It’s so important to get out to vote today for several reasons:
-We live in a democracy and democracies can’t function unless we all participate.
-Our military fights for our freedom every day, so that we remain a democracy and can live in liberty.
-Our country did not always extend voter rights to everyone, it’s important to uphold your duty!
So we cast our vote to honor our fellow Americans of the past who fought for our right to vote. There are so many reasons to cast your vote today and it all began with our Founding Fathers.
In 1776, The Declaration of Independence was signed, establishing the United States of America as a democratic nation. However, the right to vote was restricted to property owners who were mostly white Protestant men over the age of 21. States initially allowed only a select few to cast a ballot, enacting property, tax, religion, gender, and race requirements. In the first presidential election (1789), voters were almost all landowning white Protestant males. Movements to end various restrictions were subsequently mounted. In 1792 New Hampshire became the first state to remove its landowning requirement, though it took until 1856 for the last state (North Carolina) to drop property demands for white men. And while the Constitution decreed that no officeholder should be subjected to a religion test, various states continued to require one for voting until 1828, when Maryland allowed Jews to enter the ballot booth. By the 1860s white males largely enjoyed universal suffrage in the U.S.
In 1868, The 14th Amendment grants all persons born or naturalized in the United States, including formerly enslaved people, citizenship. After slavery ended, a campaign was launched to secure voting rights for African American men. This was seemingly fulfilled with the ratification of the Fifteenth Amendment in 1870, which guaranteed the right to vote to all men, regardless of “race, color, or previous condition of servitude.”
By the early 20th Century, the woman suffrage movement in the U.S. began and in 1920, the 19th Amendment is passed, granting white women the right to vote. In the ensuing decades, other groups—such as Native Americans (1957)—gained universal suffrage. For African Americans, however, their vote continued to be suppressed. By the mid-1960s fewer than 7 percent of blacks were registered to vote in Mississippi. With the civil rights movement, efforts were renewed to enforce the rights of African American voters. In 1964 the Twenty-fourth Amendment was adopted, prohibiting poll taxes in federal elections. The following year the Voting Rights Act was signed. The landmark legislation banned any effort to deny voting rights, such as literacy tests. In addition, Section 5 of the act provided for federal approval of proposed changes to voting laws or procedures in jurisdictions that had been deemed by a formula set forth in Section 4 to have practiced racial discrimination.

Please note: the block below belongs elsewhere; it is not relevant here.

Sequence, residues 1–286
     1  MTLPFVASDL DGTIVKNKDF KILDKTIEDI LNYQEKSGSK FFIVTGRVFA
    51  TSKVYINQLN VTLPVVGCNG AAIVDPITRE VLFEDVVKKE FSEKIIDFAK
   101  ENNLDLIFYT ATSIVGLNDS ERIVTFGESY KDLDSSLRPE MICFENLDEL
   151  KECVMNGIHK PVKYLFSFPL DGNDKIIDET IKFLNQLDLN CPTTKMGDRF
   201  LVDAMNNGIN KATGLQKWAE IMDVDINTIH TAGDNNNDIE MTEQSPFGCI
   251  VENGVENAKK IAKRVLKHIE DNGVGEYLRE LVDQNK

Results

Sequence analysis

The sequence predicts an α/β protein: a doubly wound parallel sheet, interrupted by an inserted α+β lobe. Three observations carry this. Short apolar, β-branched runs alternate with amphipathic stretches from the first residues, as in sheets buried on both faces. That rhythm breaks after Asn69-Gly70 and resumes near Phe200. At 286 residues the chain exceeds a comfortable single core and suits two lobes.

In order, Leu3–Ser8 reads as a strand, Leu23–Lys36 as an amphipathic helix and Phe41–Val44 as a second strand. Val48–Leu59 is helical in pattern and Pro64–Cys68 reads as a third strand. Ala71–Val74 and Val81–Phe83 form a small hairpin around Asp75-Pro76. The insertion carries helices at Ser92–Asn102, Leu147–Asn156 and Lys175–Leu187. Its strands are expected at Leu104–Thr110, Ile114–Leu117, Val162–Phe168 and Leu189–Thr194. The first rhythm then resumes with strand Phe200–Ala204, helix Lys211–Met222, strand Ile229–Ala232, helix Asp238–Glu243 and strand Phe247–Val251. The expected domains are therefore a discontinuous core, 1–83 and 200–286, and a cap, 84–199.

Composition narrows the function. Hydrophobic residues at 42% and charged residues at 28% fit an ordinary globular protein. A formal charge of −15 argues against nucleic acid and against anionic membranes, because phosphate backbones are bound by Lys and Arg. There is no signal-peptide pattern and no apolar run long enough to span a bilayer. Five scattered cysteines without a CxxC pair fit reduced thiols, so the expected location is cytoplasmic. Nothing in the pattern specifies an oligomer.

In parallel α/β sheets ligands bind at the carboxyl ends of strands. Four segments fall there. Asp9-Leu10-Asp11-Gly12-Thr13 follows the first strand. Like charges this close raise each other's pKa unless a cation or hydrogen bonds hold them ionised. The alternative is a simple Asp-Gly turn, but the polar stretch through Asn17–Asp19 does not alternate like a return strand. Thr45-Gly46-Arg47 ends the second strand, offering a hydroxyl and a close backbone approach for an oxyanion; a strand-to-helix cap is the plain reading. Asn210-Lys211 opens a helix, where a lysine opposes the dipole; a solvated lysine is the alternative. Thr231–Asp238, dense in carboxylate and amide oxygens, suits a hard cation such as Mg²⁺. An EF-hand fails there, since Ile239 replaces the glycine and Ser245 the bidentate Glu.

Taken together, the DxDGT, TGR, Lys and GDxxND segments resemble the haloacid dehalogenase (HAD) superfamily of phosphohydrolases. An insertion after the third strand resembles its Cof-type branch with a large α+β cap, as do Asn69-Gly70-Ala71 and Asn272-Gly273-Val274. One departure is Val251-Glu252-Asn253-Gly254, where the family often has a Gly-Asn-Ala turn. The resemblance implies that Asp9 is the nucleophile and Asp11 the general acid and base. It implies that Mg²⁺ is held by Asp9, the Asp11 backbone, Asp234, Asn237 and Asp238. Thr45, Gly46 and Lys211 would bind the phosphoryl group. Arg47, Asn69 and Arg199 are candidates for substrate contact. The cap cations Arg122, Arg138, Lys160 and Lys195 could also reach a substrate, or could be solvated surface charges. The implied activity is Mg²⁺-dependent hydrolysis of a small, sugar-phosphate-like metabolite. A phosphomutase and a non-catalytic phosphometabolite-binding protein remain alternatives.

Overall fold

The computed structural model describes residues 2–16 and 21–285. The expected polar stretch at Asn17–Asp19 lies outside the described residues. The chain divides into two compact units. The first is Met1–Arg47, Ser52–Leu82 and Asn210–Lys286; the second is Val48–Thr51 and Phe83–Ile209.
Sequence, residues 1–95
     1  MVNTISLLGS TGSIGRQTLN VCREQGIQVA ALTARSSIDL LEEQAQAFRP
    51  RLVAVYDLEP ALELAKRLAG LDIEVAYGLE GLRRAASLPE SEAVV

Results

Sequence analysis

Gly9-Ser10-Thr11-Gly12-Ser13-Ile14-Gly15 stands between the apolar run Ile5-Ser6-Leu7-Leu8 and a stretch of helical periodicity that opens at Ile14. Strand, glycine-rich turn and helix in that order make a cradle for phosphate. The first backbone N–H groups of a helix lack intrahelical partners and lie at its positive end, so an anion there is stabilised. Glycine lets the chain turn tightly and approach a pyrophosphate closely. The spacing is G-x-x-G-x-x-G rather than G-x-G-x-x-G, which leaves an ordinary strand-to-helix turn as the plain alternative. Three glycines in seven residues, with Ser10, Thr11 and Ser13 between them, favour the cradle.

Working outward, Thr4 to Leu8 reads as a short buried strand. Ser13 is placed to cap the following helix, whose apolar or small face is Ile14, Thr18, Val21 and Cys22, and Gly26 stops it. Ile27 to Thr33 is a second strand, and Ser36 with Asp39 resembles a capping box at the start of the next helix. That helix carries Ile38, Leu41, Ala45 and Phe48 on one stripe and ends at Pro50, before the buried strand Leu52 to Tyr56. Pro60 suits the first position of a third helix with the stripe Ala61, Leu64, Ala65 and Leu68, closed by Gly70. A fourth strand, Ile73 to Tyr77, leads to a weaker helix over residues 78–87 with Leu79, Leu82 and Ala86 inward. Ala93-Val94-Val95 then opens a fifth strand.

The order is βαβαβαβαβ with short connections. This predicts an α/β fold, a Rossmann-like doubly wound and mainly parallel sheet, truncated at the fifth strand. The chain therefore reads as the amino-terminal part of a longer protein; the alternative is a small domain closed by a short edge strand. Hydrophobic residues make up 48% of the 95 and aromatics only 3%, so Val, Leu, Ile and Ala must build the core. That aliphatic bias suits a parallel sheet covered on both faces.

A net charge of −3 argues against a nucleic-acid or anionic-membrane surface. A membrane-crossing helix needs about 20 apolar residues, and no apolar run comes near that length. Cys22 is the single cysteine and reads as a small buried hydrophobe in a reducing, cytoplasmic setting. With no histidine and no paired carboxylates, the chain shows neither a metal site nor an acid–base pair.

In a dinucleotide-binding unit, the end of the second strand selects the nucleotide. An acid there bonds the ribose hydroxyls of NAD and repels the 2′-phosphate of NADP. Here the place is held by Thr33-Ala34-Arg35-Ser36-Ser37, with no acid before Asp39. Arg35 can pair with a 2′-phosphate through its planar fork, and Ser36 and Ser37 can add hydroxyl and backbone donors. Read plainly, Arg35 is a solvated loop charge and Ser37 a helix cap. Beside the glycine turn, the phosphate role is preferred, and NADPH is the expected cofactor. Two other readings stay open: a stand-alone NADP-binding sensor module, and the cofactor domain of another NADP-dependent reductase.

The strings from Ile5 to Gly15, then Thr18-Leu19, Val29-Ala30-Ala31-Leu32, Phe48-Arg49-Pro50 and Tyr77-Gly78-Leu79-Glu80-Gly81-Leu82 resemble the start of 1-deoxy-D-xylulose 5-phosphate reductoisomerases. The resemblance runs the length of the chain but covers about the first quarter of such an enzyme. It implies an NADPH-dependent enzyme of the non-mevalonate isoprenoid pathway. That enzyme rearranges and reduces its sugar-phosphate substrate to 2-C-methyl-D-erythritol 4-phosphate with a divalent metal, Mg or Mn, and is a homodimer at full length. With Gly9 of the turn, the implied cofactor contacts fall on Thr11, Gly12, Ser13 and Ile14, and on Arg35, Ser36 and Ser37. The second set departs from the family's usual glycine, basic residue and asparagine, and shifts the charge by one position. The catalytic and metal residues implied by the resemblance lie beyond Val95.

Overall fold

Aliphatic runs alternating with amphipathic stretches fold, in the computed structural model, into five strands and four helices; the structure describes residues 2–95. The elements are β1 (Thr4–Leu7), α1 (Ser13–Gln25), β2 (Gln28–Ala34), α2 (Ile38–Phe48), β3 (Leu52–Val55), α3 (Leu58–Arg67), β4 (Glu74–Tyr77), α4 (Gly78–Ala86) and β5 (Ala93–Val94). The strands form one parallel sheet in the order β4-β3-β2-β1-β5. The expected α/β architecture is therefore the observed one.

1776: Only Property Owners Can Vote
1787: States Determine Who Can Vote
1856: All White Men Can Vote
1868: Formerly Enslaved People Granted Citizenship
The 14th Amendment grants all persons born or naturalized in the United States, including formerly enslaved people, citizenship. Voters are strictly identified solely as males.
1870: Government Cannot Deny the Right to Vote Based on Race
1876: Indigenous People Cannot Vote
The Supreme Court rules that Indigenous people are not citizens and therefore ineligible to vote.
1882: Chinese Immigrants Cannot Vote
The Chinese Exclusion Act denies people of Chinese ancestry the ability to become naturalized citizens, making them ineligible to vote.
1920: White Women Are Granted the Right to Vote
1952: Asians Are Granted Voting Rights
1965: Voting Rights Act of 1965
1971: Voting Age Is Lowered to 18
1975: Voting Materials Available in Multiple Languages
2000: Residents of U.S. Colonies Cannot Vote
A federal court determines that Puerto Ricans cannot vote in presidential elections despite being U.S. citizens.
2001: National Debate on Voting Rights for Returning Citizens
The National Commission on Federal Election Reform recommends that all states grant returning citizens the right to vote after completion of their criminal sentences.
To vote, is to honor our ancestors fight for freedom and our duty to keep it alive! It’s to honor those, in our military, that protect it everyday. And it’s to honor the great country we live in…the United States of America! Go vote today!